A couple of years ago, the always-inflammatory Salon ran a piece entitled “The 15 Most Hated Bands of the Last 30 Years.” Included on the list were such hate-favourites as Nickelback (hatred of them has become so common as to be ubiquitous), but also many of the bands whose work came to define the sounds of the ’90s. Think Goo Goo Dolls, Dave Matthews Band, and Hootie and the Blowfish. Surprised to hear that they are the most hated band? So was I. But then again, in many ways I really wasn’t. Though I was incredibly annoyed at rediscovering this list a little over a week ago, I saw it as just another sign that we are indeed still living in “The Age of Irony.”
At first, I couldn’t quite figure out why the list annoyed me so much. Was it simply because they had listed the Goo Goo Dolls, one of my favourite bands, on the list? Was it the commonsensical way it was written, as if of course we would all agree that those pseudo-authentic rock bands from the 1990s were really just plain awful and that anyone who thought they were actually good were delusional at best and philistines at worst? Or was it the patronizing, ironic tone it adopted, so common among self-styled music critics and others in the click-bait universe who manage to garner views by adopting a hipsterish ironic pose to every item of popular culture they encounter?
Of course, it was all of those things. In the Age of Irony, everything is just a surface to be mocked and ridiculed. Indeed, the source of the pleasure isn’t even in the cultural object, but instead in finding something amusing about it, placing oneself above it so that one is, allegedly, no longer under the thrall of the omniscient, omnivorous, omnipresent culture industry. At a deeper level, however, these types of ironic clickbait posts also suggest something deeper about our cultural zeitgeist. We might just as well say that we are living in an Age of Alienation, when it becomes much easier (and allegedly more satisfying) to use the texts that surround us ironically, rather than seeking out any sense of emotional authenticity they might contain (because how could anything produced by the mass culture industry be authentic, anyway?)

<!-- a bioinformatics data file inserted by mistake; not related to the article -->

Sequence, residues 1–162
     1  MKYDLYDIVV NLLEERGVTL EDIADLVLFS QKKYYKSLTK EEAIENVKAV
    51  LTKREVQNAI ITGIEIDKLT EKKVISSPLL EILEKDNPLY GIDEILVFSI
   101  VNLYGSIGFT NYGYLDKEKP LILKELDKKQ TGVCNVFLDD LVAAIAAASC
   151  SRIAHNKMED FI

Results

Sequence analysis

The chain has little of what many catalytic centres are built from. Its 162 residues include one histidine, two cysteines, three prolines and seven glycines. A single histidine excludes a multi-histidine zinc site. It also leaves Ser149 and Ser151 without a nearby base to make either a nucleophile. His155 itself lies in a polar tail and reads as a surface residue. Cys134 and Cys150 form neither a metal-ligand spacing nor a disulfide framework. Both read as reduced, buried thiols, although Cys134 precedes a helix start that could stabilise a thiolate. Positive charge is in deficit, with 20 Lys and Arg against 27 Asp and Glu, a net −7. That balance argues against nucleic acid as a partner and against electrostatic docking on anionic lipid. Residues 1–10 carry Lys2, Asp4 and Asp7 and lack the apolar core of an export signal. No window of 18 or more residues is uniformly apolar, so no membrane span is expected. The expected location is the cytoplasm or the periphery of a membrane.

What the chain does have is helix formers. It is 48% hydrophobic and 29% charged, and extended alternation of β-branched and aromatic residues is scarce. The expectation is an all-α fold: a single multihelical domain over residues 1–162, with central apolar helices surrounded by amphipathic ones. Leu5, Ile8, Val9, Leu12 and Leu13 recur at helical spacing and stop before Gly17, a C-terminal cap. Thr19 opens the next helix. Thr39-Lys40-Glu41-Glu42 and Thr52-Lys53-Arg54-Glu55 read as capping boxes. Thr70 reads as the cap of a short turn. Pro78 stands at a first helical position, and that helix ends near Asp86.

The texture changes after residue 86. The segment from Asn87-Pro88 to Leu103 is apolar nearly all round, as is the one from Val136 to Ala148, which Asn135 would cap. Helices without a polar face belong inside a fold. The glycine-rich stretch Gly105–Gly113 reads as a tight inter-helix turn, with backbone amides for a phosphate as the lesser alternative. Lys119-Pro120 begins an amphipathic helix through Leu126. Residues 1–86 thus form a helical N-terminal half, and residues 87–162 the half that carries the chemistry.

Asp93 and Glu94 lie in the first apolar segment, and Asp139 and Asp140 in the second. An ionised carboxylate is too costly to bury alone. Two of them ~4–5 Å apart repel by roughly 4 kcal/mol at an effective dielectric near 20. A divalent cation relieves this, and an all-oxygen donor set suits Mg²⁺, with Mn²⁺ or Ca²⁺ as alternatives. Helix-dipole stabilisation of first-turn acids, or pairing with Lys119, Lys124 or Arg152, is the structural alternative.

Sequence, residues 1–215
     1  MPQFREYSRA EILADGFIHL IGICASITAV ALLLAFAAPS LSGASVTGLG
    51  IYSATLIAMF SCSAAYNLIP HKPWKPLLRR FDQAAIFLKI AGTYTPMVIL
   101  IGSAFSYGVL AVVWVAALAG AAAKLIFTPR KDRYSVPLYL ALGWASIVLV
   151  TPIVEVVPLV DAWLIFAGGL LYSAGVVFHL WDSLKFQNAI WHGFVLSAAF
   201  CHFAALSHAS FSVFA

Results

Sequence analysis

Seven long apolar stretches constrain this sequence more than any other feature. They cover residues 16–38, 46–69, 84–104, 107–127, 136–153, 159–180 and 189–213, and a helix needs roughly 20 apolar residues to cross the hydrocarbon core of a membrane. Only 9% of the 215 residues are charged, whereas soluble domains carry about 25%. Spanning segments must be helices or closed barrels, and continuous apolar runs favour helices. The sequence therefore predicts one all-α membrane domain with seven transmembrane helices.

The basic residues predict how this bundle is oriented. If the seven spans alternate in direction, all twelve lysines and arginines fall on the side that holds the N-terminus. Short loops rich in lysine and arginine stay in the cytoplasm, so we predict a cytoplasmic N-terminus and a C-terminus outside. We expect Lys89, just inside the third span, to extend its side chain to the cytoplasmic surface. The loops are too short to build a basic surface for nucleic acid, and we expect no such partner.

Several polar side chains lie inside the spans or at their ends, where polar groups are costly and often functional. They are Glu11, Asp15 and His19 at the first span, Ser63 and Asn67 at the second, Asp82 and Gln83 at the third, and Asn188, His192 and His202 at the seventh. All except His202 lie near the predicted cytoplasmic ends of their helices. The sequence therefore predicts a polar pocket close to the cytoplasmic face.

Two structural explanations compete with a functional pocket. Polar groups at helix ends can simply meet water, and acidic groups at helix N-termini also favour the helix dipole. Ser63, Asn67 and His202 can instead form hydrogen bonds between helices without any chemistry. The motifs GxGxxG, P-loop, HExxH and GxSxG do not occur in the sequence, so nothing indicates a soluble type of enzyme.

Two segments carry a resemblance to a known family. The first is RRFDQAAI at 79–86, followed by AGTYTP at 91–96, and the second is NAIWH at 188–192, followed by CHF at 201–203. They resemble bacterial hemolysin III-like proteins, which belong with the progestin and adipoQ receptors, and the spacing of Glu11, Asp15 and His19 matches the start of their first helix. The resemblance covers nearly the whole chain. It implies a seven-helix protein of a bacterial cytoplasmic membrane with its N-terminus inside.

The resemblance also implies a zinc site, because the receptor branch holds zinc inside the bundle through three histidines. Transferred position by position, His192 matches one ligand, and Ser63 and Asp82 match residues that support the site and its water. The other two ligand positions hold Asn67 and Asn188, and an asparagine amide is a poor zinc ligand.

Now, I’m not saying that irony doesn’t have its purposes, or that it can’t be an effective political tool for the disenfranchised to strike back at the dominant world that swamps them with its ideologies. No one who has ever studied gay camp and its deconstruction of traditional gender norms and performances would be able to say that. However, I fear that this particular type of irony, a key part of the world of postmodernism, only ends up reinscribing the very power structures that should be critiqued. You can be ironic and laugh at how foolish the masses are, but only if you’re educated enough, only if you’ve managed to procure the types of reading skills that allow you to reach the Olympian heights of today’s finest ironists. Otherwise, you’re just another one of the foolish plebians, shut out of the party.
You may call me old-fashioned, and perhaps I am blinded by my own love of many aspects of 1990s culture (I was born in 1984, so I am too young to have the millennial sense of distance from the ’90s). But, on the other hand, can you blame me for wanting to obtain a little bit of authentic feeling from the music that defined my youth? Truly, I think that some of these “most hated bands” do allow us to gain some sort of feeling, a measure of the zeitgeist of the last decade of the 20th Century (and, I might point out, the second millennium). Simply dismissing them as “most hated” as if that is a piece of commonsense wisdom ultimately says more about the ways in which the contemporary decade looks at its 20th Century forbear than it does about the music itself, or about those who like said music. Now, if you’ll excuse me, I’m going to go turn on my Goo Goo Dolls, settle in, and re-experience that heady, moody time known as the ’90s.